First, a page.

By Camilla Royle
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Whose Crisis, Whose Future?

This article is over 11 years, 2 months old
Susan George, Polity Press, £14.99
Issue 352

Whose crisis, Whose Future? is an attempt to bring together an analysis of the various aspects of the “multifaceted” crisis facing humanity and look for a root cause of it all.

It therefore covers a huge range of topics. The banking crisis, tax evasion, food and water insecurity, poverty, conflict and climate change are all given an overview. Readers familiar with the social justice movement will probably have heard many of the arguments before. George covers the same ground as Wilkinson and Pickett in their influential book, The Spirit Level, for the part about inequality.

George also occasionally strays into strange territory. A few controversial articles from New Scientist magazine are repeated uncritically. For example she attributes the global banking crisis partly to city traders having a higher level of testosterone exposure in the womb than average – an idea which became fashionable among some feminists who argued that things would have been different if the world was run by women.

As an opponent of the World Bank and International Monetary Fund, George has consistently argued that we should be studying the rich and powerful – not the poor and powerless. There are plenty of studies of the poor carried out by the UN and various NGOs, but who – at least in these circles – is paying attention to what the rich are doing?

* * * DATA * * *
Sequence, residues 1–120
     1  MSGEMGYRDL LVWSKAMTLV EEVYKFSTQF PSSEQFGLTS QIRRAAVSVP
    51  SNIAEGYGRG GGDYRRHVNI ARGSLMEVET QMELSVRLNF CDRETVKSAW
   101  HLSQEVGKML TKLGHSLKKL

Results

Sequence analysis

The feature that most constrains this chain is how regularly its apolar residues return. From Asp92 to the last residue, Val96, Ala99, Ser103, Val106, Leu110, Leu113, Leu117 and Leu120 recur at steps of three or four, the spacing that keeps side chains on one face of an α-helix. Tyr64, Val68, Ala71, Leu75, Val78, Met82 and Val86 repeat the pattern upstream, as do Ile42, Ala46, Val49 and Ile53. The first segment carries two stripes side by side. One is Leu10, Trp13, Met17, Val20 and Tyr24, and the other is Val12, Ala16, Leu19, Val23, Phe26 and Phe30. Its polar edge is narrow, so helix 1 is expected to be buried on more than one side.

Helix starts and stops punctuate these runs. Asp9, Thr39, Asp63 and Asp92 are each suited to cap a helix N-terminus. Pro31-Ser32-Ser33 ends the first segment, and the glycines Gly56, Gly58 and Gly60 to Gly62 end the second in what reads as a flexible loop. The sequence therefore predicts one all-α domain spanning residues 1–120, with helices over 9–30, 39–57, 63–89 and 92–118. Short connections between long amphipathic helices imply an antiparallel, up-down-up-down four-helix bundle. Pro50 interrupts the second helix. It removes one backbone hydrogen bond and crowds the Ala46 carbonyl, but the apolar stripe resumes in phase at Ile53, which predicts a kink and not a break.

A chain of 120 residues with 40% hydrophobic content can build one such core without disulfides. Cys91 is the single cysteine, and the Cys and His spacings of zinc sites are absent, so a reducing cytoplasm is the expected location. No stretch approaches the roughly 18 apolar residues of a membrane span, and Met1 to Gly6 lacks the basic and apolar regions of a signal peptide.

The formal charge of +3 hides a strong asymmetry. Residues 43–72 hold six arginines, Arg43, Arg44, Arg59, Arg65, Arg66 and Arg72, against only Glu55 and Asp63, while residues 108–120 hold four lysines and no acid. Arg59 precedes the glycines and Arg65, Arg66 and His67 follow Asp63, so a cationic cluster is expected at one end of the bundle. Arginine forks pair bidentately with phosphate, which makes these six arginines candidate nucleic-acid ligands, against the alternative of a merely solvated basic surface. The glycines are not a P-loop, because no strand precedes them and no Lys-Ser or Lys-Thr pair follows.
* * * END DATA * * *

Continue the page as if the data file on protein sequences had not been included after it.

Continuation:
The so called Davos class – the international ruling class who meet in Davos, Switzerland, for the World Economic Forum – have an interest in keeping things as they are. They represent the world’s 10 million or so “high net worth individuals” with over $1 million each and a collective wealth of $40.7 trillion dollars. This is an international elite – the richest people in Brazil or even Malawi are much richer than the poorest in Germany. The original French title “Leurs Crises, Nos Solutions” (their crisis, our solutions) is possibly a more accurate indicator of the intentions of the book.

George explains how accounting companies such as Ernst and Young and Deloitte – often well represented at university careers fairs – are experts in helping multinationals relieve their tax burden and providing “controversy management approaches”. Susan George is no revolutionary, but she admits that Antonio Gramsci’s theories of cultural hegemony are useful in understanding how this kind of behaviour is seen as acceptable.

George proposes modest, but nevertheless useful, demands for reforms, such as a Tobin tax on international transactions. However, it is perhaps more interesting as part of an ongoing debate about linking multiple issues than for the actual solutions proposed. It is written from within a social justice movement which is increasingly trying to work alongside others, including trade unionists, environmentalists and peace campaigners, making it an interesting and very relevant read.

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